Photo Location: Ashuganj, Bangladesh
We have been born with the fate of uncertainty. Every year we live, we live with the power of our fate. As each year passes by and we count ourselves fortunate; we count each new breath as good luck. The year of Cyclone Aila in 2009 was the curse of my life. We lost the only tree over our head. I lost my husband in the cyclone. No one could find the body of my husband for us to see him for one last time. Can you imagine how unfortunate we have been?
For the last six years I have been fighting uncountable complications with my four daughters. People say daughters are blessings, but for me daughters are dangers no matter how beautiful and moderate they are. There is danger in everything and it’s worse when you are poor and homeless. I had never thought it would be such a challenge to marry my beautiful daughters. Whenever I used to worry about them my husband would say, “Why are you so tense? The boys will fly to take those angels away.” But like everything else the salty water stole my daughters’ beauty.
I came here from Shatkhira, Munshiganj with my two unmarried daughters two years prior. Who wants to leave their birthplace and come here? But I have been obliged for the sake of my daughters’ lives and futures. My daughters had to walk uncountable miles every day for drinking water. If it’s so difficult to find enough drinking water just to survive, can you imagine how hard it has been to obtain fresh water for my girls to showers? So they have showered in the salt water, which is very bad for our skin. It itches. It was a nightmare when my girls got their periods. I couldn’t bear their crying every month. The land gave us nothing but dead hopes. We couldn’t grow crops because of the cursed salt water. We couldn’t provide drinking water for our cattle. With no source of income, we couldn’t live there. Must I remain because it is my homeland even when my homeland is not able to feed me?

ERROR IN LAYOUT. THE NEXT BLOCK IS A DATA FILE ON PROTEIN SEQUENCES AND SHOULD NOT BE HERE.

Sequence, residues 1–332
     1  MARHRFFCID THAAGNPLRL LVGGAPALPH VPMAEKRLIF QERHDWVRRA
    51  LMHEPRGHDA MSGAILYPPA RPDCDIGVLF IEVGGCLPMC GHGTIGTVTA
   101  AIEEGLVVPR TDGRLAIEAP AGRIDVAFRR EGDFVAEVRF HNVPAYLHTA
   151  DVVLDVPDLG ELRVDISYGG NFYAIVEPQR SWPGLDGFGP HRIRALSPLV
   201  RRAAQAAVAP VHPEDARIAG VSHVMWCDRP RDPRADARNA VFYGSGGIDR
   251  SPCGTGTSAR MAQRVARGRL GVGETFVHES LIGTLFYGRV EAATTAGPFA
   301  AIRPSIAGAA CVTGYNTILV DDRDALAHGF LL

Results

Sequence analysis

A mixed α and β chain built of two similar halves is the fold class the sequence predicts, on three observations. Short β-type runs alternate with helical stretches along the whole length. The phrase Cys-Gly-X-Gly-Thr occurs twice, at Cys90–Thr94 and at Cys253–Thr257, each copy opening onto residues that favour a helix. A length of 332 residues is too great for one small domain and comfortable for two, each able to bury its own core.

I moved to this rice field two years ago with others from my village. I had to take an advance of 50 thousand taka from my manager. With that money I repaid the loan I had taken to feed my children throughout the years since cyclone Aila. It may take me one more year to repay the loan to my manager. Our work here is very hard but at least I can drink water whenever I feel thirsty and I can feed my children every day. We don’t need to starve day after day. I don’t have to listen to my children crying for water and food. Sometimes at night I remember tearfully the joy of earlier days. But I force myself to go to sleep, in order to be ready the next day for the reality of life.